I was going to continue some thoughts about the turmoil within us as an addition to my last post. I'll get to that next time. I was struggling with what I wanted to write. The gist of it is that we average 65,000 thought per day and 80 percent of those thoughts are negative. As soon as I find my 20 percent I'll finish the post.
This of course has me staring at my walls. On either side of my computer screen are pictures of sorts of two of my role models. I realize that this in and of itself is no big deal, but it did get me thinking about origins and imagination as it relates to sports and sport psychology. On my right is a baseball card of Sandy Koufax. He was my childhood idol. When I was 9 I recall being mad at my parents for allowing me to be right-handed. There are plenty of reasons of course for my reverence for Koufax. He was the best of that era. This of course pleased my otherwise anti sport mother who thought of him as a nice kid from what she had heard.
I have a funny story about Koufax and not me, but my mother. My mother came home one day from work. She was secretary to the president of a large discount retail store in California called White Front. She said she met this very nice boy at the store and he gave her this toy to give to me. Now I was about ten at the time and was thinking I had outgrown toys. It was a Sandy Koufax Pitching Game. You threw Styrofoam balls at these plastic points on a sort of dartboard. On the box it was signed to Mike from Sandy Koufax. I was speechless. My mother said he had told her to bring me over, but she didn't think it was a big deal. I didn't talk to her for a week. I did however believe in my heart every time I picked up a baseball that I was Sandy. It was my summer of baseball and it couldn't have been better as not only did the Dodgers with the World Series, but I pitched in almost every game. In my mind's eye, I was Koufax and pitched like him that whole year. There was nothing I wanted more than to play professional baseball.
On the left of my computer is a picture of Albert Einstein. My parents seemed to insist that I spend my time doing more than playing baseballand other sports. I got reallyintrigued with him through one of my Jr. High teachers. He said he liked the way I thought about things, so I should understand Einstein. Had no idea what the teacher meant, but I did what I was told. I was intrigued withhim to be sure, though I was still more interested in being an athlete than a scientist of any sort. What I did recognize is that Einstein was into thought problems. He explored the Universe with his mind. It wasn't E=MC2that caughtmy attention, but the quote "Imagination is more important than knowledge". It is that quote that is up on my wall. Albert (as he is known in my office) influenced me greatly. My son has a degree in physics and math. Perhaps my interest in Albert influenced him as well.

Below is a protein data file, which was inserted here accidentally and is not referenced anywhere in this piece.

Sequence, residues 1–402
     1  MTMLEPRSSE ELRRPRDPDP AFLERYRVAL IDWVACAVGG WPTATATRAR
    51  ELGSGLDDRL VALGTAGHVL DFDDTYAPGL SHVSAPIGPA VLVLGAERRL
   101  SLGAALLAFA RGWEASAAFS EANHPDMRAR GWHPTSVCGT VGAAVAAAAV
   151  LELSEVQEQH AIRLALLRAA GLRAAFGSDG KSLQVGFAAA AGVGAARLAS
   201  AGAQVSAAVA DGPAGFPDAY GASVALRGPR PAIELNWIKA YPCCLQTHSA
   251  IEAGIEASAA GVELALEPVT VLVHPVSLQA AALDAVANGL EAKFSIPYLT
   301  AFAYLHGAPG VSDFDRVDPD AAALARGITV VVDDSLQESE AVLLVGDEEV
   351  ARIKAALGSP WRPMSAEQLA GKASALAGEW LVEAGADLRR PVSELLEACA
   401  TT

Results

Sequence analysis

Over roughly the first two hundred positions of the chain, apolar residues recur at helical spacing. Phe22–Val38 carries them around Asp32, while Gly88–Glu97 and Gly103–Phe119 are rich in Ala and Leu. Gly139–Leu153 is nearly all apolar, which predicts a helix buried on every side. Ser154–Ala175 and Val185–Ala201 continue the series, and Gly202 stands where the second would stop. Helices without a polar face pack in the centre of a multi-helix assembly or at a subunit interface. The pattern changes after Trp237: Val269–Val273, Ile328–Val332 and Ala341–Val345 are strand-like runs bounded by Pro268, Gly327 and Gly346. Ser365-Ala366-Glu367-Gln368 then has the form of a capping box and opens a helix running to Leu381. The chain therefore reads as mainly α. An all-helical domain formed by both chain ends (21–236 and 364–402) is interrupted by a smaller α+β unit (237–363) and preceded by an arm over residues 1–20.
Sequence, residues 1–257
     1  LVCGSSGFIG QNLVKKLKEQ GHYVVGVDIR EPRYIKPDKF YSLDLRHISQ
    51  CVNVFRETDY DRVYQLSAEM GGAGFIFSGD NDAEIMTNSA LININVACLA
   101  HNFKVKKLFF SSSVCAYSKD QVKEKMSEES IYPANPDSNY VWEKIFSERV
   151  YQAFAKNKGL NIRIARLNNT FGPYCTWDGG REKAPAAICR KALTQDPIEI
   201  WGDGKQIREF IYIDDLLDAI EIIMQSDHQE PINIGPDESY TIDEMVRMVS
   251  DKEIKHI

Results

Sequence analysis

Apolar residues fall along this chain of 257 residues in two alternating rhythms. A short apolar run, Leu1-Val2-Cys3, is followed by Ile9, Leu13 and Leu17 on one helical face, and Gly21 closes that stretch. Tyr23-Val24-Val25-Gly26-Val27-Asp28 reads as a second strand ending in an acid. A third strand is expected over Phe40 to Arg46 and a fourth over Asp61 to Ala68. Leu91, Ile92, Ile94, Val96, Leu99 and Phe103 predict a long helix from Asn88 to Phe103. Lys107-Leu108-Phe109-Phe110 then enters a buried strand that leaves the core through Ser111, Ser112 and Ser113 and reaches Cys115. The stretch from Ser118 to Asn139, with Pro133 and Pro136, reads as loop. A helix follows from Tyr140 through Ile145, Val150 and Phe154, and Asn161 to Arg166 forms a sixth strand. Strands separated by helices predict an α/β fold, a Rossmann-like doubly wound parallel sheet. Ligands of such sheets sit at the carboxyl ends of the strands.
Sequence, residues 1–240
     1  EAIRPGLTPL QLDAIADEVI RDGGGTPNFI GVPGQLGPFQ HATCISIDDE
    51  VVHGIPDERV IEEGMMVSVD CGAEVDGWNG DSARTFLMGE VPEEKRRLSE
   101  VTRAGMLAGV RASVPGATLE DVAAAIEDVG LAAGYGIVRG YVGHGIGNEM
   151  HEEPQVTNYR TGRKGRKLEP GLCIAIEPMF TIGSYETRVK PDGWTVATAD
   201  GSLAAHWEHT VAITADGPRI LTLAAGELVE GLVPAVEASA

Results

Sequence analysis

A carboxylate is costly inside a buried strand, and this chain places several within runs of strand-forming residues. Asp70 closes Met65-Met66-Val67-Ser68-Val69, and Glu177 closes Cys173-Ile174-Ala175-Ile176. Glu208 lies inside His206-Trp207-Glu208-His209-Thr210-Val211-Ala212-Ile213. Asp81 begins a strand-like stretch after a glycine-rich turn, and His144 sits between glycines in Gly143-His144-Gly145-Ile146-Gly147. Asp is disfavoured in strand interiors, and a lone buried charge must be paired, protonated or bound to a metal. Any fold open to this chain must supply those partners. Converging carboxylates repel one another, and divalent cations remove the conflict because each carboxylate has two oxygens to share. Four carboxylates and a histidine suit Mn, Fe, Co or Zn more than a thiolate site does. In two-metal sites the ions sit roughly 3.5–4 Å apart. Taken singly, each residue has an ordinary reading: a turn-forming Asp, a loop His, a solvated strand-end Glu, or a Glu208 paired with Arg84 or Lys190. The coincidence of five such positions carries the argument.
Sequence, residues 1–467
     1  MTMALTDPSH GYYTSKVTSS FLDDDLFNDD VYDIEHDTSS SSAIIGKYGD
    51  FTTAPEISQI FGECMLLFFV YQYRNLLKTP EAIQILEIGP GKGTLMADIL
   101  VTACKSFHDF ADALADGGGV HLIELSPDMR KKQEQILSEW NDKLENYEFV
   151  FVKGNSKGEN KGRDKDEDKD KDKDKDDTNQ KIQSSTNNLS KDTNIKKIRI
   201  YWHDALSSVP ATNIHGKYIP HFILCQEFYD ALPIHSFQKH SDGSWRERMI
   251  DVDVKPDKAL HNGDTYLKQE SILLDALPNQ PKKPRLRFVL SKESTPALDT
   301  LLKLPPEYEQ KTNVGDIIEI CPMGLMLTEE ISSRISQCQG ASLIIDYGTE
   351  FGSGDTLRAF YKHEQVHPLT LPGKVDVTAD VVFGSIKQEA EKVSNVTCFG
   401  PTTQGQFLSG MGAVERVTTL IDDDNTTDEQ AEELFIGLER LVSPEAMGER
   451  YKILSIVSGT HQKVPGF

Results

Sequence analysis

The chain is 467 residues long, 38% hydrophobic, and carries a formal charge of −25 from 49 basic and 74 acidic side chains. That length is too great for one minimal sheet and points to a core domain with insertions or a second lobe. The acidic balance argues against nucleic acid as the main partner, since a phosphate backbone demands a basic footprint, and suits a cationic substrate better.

My third role model was Wilt Chamberlain. OK, forget about the number 3000 for a minute if you can.As a basketball player (I gave up baseball soon after Koufax retired), I wanted to be Wilt. I saw him as cool. He was big and bad. He was tough on the court, yet smart enough to stay out of foul trouble. He could score at will and I wanted to be like him. So how did it turn out? I could dunk (not bad for a 6 foot Jewish kid). I could defend big tall players. And I could do a finger roll. I averaged 20 points a game my senior year. There was one problem though. I practiced being big, bad and to take people into the paint. Couldn't dribble to save my life, which of course was a large problem as I went to take my game to the next level.
For all of us and that certainly includes hockey players finding the right role model is very important. I'm not at this moment talking about that I think people should adopt role models like their parents or professional people they admire, I am talking about sport specific role models that fit the player's style of game, their body type and temperament. Find the player you want to emulate but make sure you can assume their role. If you are a defensemen, but want to be Gretzky I hope you are not 6'4" with great power, but slow wheels. Young players can emulate anyone, but don't do what I did with Wilt. Use your understanding of the game to make your role model fit who you the hockey player would like to become. If you are that big defensemen, but want to skate like the great one, then find the best skating big player out there.
So I see two very real types of role models. The one you emulate as a player and the one you want to be like as a person. They can be very different. This is one way you can distinguish between role model types. It is great when the two come together, but it is ok when they don't. Just be smart enough to be able to separate great atheism from poor behavior.
Where Imagery comes in
So there are three stories. The very short end to this post is simple. When we were children we used our imaginations to do everything. We used it to play as toddlers and as would be athletes. Somewhere along the way our natural ability to use our imagination got taken away from many of us. It is a key component to success in everything. Sports and virtually everything else we do in life. If I can leave every athlete I meet with something it would be to remember when you believed you were Koufax (insert current star here). Play like you did then and see how fast your game accelerates. We can control our world very simply and play out of our minds.
Mike can be found athttp://themental-game.com/services/Check out Sport Psychology Consultants and learn more about Mike's book The Athlete within You.